Tagalog comedy It Takes a Man and a Woman draws crowds in UAE and worldwide
A Tagalog romantic comedy screening in the UAE’s major cinemas has become a must-see hit for many of the country’s 600,000 Filipinos.
Held over for at least another week, It Takes a Man and a Woman has so far drawn a huge turnout: during a screening in Dubai last weekend, the full house of kabayans laughed, cried and clearly sympathised with the relatable characters.
And with it the film’s stars, John Lloyd Cruz and Sarah Geronimo, continue their winning streak, this time scoring something of an international hit as the film has been drawing out crowds in the US and Canada, too. Since the movie opened in theatres in the Philippines on March 30, it has become the second-highest grossing film in the country’s cinematic history, earning 375 million Philippine pesos (US$9m, Dh33m), just behind Sisterkas, a comedy that became a hit earlier this year.
It Takes a Man and a Woman is the third and final instalment in the continuing saga of the love story between Laida Magtalas (Geronimo) and the well-off Miggy Montenegro (Cruz), after A Very Special Love (2008) and You Changed My Life (2009). This time around it takes on a more mature twist, as Laida returns home to Manila from New York to work as a consultant for a publishing company, which just happens to be owned by her now former flame Miggy.
Left with no choice, the two former lovers are forced to coexist professionally to obtain the franchise of an international magazine brand.
What follows is a series of awkwardly funny scenes, with both Miggy and Laida trying to outwit each other in an apparent bid to gain control of the project. Their constant bickering turns out to be a manifestation of old wounds and unresolved issues from their messy break-up a couple of years back.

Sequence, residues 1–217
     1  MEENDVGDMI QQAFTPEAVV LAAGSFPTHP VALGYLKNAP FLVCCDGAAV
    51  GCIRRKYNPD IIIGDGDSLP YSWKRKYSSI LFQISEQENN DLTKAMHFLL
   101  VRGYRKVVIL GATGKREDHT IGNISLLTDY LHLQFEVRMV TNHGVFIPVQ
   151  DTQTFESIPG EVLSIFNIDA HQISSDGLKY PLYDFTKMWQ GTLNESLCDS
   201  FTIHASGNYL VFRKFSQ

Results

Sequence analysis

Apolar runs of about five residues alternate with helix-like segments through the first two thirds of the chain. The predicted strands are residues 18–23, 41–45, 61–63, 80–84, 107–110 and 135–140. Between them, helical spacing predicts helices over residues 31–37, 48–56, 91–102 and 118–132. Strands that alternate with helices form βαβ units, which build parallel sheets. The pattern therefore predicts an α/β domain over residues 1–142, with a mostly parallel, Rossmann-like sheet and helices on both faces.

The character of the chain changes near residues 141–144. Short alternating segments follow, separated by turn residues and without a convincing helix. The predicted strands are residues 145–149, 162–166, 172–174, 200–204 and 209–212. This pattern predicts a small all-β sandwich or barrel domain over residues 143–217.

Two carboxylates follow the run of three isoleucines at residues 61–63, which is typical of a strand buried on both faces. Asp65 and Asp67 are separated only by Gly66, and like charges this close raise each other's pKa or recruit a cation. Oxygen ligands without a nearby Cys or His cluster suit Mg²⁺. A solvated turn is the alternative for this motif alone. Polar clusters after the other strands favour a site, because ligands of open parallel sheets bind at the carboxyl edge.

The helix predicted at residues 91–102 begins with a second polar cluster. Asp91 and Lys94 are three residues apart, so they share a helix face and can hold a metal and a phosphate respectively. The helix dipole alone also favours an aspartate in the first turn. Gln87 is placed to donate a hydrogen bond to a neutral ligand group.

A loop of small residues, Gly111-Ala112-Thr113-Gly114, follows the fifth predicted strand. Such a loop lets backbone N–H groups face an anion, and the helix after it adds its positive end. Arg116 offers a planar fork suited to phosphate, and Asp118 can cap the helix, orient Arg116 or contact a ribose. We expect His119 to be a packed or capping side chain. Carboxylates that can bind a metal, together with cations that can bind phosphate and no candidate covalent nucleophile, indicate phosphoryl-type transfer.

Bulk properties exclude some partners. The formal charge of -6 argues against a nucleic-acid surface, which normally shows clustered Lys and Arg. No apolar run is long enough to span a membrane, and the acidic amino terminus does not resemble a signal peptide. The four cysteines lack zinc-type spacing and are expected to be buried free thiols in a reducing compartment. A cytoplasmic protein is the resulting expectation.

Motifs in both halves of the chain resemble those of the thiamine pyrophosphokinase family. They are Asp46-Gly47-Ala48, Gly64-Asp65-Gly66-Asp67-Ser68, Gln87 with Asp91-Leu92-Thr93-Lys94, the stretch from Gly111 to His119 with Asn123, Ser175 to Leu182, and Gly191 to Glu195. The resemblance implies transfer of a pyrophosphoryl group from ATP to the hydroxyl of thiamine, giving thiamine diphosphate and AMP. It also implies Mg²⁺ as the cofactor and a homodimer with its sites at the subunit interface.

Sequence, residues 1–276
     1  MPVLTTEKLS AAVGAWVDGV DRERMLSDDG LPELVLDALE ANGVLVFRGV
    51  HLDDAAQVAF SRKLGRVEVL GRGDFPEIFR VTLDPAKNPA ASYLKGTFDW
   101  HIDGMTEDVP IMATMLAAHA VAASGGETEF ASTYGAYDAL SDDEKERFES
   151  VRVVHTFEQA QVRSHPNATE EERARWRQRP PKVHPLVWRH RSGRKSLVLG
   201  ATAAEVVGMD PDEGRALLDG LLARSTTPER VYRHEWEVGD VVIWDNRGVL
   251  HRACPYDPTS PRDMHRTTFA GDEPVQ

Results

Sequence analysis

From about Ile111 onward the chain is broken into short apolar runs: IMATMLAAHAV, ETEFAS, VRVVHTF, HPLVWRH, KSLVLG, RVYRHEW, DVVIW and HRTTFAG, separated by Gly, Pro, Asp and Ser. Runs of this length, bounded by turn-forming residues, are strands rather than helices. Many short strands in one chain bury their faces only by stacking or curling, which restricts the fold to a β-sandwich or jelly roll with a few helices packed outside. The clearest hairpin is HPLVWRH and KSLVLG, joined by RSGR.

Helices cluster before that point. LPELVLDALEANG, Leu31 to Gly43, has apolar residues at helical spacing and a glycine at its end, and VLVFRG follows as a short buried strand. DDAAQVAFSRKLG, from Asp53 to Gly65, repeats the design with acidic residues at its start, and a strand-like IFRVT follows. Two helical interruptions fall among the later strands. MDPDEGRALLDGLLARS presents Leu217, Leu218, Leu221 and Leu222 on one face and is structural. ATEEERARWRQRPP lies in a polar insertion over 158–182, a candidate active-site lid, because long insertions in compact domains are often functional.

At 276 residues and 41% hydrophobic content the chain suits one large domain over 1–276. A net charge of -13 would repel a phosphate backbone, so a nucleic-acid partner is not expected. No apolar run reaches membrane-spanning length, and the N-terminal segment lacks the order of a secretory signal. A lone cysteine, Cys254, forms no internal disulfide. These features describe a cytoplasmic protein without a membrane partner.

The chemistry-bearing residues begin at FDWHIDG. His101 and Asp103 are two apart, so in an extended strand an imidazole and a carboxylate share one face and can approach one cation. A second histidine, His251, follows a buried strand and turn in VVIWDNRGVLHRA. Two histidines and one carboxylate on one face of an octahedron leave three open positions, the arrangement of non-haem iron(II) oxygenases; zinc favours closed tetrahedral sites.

Toughened by heartbreak and from living on her own in a foreign land, Laida’s transformation from a giddy young girl to a confident career woman is noteworthy. Geronimo’s effective portrayal is both entertaining and charming and one can’t help but fall in love with her character as she struggles to reconcile her past with the present.
The 24-year-old singer-actress naturally shifts from drama to comedy with obvious ease, while Cruz provides a steady balance to Geronimo’s colourful take on her role.
“The director Cathy Garcia-Molina created roles that fit John Lloyd and Sarah perfectly. Next thing we knew, Miggy and Laida became household names. Add that factor to the stars’ crowd-drawing power, John Lloyd’s versatility, Sarah’s spontaneity, effective publicity, and you have three films making a mark on the public mind,” says Karen Pagsolingan, the managing editor of the entertainment website Pep, which stands for Philippine Entertainment Portal (www.pep.ph).
The film has been drawing big crowds in North America, too, with a photo of long lines to buy tickets at a theatre in Queens, New York, making it onto the CNN iReport page.
According to CNN, Carmencita Acosta, a Filipino-American nurse, reposted the photos she saw on Twitter because she was fascinated that so many people would turn out to see a “non-Hollywood” Filipino movie.
“This third movie is the best,” Acosta, who had planned to see the movie a second time, told the site. “It was funny, you could cry and you could fall in love again. It’s a simple feel-good movie and people just love it.”
Richelle Seguia, a 32-year-old administrator in Dubai, understands the wide appeal.
“The story is very real and anyone can easily identify with both Laida and Miggy and their situation.”
Lawrence Ignacio, a 32-year-old mechanic and part-time videographer in Abu Dhabi, said part of the appeal is the film’s fast pace.
“Every scene is entertaining and it combines drama and comedy without going over the top, which is the usual problem with a lot of our local movies,” he said.
Plot-wise, It Takes a Man and a Woman is a typical, lighthearted Filipino romantic movie, with the producers obviously intending it to be a crowd-pleaser. For some, that might be its glaring flaw.
But the film succeeds in bringing in all the essential elements common in Pinoy films – romance, humour, catchy lines, scenery and family – without appearing too contrived.
Despite a central theme revolving around love, moving on and forgiveness, the film “doesn’t wallow in sentimentality”, observes the veteran movie critic Mario Bautista.
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